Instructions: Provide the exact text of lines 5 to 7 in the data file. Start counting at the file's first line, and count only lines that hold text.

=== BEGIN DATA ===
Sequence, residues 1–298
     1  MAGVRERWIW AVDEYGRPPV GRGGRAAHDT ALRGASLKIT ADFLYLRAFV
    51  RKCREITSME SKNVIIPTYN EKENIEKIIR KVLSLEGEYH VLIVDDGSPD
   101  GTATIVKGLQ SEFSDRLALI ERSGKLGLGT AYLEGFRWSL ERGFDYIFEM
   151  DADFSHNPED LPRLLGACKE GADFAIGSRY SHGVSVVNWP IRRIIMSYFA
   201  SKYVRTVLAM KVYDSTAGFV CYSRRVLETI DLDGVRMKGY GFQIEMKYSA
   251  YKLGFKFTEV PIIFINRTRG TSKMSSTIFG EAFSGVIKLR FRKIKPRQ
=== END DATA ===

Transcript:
   151  DADFSHNPED LPRLLGACKE GADFAIGSRY SHGVSVVNWP IRRIIMSYFA
   201  SKYVRTVLAM KVYDSTAGFV CYSRRVLETI DLDGVRMKGY GFQIEMKYSA
   251  YKLGFKFTEV PIIFINRTRG TSKMSSTIFG EAFSGVIKLR FRKIKPRQ